I like to think that the idea of God dwelling with us inspired the choice of the name “Blessed Sacrament” when Assumption Parish established a mission in the West End in the 1930s. This day, then, we celebrate the former Blessed Sacrament parish, and we ask the risen Christ in sacramental form to continue nourishing and accompanying the people of the West End of Windsor and indeed, the entire world.

Congratulations to our 19 youth who received the sacrament of Confirmation this past Monday! We had such a great celebration, with Bishop Joseph Dabrowski presiding. I thank all the students who came so faithfully throughout the year, as well as their sponsors, their parents, and in a very special way, their catechists, Mike DeNunzio and Denis Roy. I know that the year required perseverance and commitment. I pray that the Holy Spirit guide and strengthen each one of you as you continue your journey through life.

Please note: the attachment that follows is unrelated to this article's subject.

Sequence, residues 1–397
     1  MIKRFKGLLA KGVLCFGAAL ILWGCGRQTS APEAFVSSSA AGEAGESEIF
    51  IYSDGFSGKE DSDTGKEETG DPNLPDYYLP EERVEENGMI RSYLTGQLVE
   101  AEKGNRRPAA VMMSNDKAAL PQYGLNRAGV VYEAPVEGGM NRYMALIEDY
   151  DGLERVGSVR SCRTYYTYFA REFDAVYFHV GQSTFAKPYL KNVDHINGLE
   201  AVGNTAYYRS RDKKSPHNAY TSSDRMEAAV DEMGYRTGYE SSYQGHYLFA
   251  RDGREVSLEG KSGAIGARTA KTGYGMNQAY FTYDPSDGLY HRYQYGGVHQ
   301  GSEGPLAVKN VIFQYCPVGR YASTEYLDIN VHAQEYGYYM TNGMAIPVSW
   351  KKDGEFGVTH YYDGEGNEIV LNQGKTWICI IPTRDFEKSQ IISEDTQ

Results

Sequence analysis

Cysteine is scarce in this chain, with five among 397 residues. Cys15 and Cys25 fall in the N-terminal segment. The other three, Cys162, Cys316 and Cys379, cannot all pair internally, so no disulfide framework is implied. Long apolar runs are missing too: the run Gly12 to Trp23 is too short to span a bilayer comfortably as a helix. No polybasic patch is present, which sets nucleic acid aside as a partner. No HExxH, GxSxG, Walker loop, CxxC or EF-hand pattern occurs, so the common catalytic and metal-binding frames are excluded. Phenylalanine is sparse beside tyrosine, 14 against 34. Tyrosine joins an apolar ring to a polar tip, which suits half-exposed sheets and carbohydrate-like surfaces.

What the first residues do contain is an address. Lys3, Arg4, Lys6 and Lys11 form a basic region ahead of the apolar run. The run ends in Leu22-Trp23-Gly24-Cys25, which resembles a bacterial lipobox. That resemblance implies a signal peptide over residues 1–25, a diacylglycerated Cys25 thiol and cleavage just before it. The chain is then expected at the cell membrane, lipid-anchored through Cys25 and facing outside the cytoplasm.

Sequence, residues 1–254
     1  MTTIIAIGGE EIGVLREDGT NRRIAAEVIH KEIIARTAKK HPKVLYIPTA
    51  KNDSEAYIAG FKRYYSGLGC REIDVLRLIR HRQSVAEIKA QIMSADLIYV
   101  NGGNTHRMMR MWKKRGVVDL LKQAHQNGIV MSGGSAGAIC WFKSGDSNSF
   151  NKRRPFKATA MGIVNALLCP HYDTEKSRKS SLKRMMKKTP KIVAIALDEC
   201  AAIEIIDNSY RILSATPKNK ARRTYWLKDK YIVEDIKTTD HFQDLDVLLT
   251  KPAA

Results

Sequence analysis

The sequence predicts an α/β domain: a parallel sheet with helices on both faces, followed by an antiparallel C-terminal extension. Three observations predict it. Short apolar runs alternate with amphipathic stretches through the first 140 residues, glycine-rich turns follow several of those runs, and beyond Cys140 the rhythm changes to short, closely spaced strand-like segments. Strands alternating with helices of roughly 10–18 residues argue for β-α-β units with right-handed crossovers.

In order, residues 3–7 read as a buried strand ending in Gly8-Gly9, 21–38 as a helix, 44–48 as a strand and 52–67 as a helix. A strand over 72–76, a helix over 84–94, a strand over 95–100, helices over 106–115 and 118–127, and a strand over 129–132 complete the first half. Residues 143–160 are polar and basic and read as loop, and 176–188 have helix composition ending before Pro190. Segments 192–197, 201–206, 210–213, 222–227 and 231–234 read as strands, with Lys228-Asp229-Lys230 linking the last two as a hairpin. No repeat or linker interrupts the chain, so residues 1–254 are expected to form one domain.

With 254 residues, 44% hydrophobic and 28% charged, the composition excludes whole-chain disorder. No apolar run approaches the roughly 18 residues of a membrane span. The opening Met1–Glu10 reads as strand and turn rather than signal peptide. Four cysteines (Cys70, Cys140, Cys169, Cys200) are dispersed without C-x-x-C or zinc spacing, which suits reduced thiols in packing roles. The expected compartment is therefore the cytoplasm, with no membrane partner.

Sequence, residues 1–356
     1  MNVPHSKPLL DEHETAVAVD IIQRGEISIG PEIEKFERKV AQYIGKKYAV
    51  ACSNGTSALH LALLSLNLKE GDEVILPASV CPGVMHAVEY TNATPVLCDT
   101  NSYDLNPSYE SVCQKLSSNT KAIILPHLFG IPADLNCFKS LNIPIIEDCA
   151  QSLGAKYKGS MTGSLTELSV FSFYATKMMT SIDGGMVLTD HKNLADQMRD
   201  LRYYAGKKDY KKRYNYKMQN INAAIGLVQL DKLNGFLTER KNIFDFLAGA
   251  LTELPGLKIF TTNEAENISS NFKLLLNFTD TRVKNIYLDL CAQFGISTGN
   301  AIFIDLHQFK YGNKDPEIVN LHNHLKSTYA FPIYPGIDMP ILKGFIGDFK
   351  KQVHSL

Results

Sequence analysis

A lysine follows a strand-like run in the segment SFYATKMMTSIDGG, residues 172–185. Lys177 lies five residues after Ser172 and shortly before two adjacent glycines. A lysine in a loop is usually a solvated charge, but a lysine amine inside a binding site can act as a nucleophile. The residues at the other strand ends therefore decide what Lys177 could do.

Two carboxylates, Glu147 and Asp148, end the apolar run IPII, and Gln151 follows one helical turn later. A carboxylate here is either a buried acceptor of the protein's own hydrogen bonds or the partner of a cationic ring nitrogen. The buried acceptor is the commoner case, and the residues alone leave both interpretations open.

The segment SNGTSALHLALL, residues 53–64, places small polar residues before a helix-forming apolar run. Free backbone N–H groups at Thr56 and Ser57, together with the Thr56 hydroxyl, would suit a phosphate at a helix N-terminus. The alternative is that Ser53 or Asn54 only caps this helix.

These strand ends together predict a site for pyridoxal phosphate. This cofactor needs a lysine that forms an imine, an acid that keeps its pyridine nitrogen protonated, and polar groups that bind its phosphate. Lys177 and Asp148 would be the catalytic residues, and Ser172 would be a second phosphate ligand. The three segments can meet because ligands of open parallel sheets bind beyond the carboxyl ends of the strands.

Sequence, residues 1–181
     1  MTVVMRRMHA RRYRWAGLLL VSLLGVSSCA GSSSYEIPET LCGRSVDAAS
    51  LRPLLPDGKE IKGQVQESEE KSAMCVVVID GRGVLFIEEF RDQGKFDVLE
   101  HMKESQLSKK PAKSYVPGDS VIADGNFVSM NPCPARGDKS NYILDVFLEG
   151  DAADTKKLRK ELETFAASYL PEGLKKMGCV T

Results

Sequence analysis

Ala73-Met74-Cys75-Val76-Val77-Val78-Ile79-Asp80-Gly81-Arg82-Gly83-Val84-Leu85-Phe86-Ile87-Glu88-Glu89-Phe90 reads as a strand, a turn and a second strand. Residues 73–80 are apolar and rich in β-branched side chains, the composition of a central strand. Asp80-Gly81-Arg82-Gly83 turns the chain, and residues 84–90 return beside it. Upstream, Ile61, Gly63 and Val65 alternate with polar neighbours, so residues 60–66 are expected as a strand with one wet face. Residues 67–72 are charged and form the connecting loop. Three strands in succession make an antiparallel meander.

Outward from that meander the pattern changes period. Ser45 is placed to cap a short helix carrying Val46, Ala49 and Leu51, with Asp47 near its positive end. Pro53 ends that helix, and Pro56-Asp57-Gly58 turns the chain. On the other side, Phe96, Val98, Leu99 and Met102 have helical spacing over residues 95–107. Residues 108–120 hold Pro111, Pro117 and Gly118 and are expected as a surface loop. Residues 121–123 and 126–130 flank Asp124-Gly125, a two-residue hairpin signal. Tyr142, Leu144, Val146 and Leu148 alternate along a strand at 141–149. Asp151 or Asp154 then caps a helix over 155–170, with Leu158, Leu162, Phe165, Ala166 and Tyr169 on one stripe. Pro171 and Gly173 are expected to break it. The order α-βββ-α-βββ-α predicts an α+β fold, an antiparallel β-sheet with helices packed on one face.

Last weekend’s celebration of Pentecost, followed by the Confirmations, highlighted the Christian concept that our God is far more complex than just a “simple being.” In fact, I think that the feast of the Holy Trinity, more than anything else, is the feast for Christians. Of course, Christmas and Easter are the ones we really celebrate, as we should. Lately, though, I’ve become more and more aware of the implications of Trinity. When I was a little boy, I learned about three Persons in one God, and accepted that as fact. I learned about how St. Patrick used the shamrock to teach the concept of Trinity to the Irish, and that made sense. Maybe the first prayer my mother taught me was the Sign of the Cross. In a sense, Trinity was just something I accepted, knowing that how there can be three Persons yet one God is “mystery” and I will never fully comprehend it.